Dog Professionals - How's Your Network?

Does your support network support you?

Working as a canine professional or self-employed professional from home bypasses all the potential friendships that we could make through the shared experience of a job. Even the worst positions at the most harrowing workplaces lead to striking up true friendships and long term relationships. If you live alone and only meet clients, you may be missing a strong support network and be susceptible to compassion fatigue. This is particularly relevant because many dog guardians see us as their chance to offload and we end up taking all their dark energy and fear home with us. Some of the things I have been told when consulting on dog behaviour would make your toes curl, and I’m sure you have – or will encounter – similar things too.Sally Gutteridge

The type of work that we do as dog professionals can be exhausting. Dog loss is something that affects all of us, even if it’s not our dog and we haven’t lost them first hand. We can often take on people’s grief and in such large amounts that we simply have nowhere to put it. Friendships, family and fun put things into perspective. A bad day at work can become just that when there’s something else at the end of it. But if it’s all there is, it can become your entire life.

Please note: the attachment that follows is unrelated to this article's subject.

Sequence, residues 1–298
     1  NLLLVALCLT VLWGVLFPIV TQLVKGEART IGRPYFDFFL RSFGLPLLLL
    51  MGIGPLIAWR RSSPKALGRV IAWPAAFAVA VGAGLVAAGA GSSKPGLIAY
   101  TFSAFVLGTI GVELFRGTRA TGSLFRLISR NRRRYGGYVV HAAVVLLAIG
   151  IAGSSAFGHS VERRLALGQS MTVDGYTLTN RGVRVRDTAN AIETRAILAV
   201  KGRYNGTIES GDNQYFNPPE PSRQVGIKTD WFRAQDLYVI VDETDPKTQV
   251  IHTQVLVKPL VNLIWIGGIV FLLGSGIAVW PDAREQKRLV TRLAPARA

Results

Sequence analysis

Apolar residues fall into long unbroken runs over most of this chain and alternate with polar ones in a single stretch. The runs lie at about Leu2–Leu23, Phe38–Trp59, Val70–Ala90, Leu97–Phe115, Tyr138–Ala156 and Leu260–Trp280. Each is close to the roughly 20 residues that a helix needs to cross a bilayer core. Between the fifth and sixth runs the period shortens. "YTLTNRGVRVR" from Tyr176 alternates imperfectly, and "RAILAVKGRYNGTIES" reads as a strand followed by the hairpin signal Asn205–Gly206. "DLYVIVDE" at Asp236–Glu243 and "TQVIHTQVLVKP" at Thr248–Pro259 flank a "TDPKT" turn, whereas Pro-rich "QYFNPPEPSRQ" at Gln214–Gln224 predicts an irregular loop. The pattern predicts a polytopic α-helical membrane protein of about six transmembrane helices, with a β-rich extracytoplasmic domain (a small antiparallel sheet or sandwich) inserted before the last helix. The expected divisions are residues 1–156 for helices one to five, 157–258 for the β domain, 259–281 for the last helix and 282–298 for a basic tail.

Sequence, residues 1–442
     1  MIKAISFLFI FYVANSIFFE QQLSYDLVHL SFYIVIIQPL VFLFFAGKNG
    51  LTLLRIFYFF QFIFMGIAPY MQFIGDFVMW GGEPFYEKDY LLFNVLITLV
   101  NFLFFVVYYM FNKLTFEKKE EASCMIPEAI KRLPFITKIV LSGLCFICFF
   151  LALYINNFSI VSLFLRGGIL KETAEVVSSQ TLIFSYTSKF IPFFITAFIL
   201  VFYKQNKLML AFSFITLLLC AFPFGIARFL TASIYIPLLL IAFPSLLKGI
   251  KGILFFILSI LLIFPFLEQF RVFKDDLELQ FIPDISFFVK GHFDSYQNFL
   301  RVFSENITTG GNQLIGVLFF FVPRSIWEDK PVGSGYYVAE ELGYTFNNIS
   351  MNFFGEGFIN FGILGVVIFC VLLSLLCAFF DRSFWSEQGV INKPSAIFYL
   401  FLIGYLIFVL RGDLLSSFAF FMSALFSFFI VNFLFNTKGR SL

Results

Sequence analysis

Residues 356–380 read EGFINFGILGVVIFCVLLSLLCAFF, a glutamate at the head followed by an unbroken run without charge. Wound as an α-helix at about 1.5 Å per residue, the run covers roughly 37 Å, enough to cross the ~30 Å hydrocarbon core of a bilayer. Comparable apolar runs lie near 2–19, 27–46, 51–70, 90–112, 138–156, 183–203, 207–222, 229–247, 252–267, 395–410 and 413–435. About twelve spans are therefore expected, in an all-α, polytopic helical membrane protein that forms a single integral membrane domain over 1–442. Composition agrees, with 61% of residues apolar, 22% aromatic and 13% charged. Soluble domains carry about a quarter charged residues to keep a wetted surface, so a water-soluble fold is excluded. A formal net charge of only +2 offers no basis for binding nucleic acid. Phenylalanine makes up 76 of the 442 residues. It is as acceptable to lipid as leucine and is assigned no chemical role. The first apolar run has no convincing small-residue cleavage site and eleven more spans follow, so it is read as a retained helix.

Having a support network is directly related to being part of a support network. To have friends you must also be a friend. There are people in the world who take more than they give, unable to see that they leave people feeling used and bruised. Usually these people have developed a self-protection habit that will eventually isolate them and often they can’t see it.

As part of self-care, when someone is continually taking from you, you have to create and maintain a safe distance, most importantly remember that their behaviour is about them not you. True friendship is equal and even – sometimes it means supporting and sometimes it means being supported in return. When people can’t oer support – for their own reasons – they usually nd that when they need someone, they are all alone, which is very sad. We often see this type of behaviour in people that have addictions to either substances from outside themselves or beliefs and destructive patterns within.

Ask yourself now how much support you offer to others and whether they offer you the same amount back. Are your friendships (with your friends AND your family) conducive to your good health?

Take a look at my book on Amazon The Dog Professional's Survival Guide.  

271 views0 comments
  • Facebook

©2020 by Sally Gutteridge.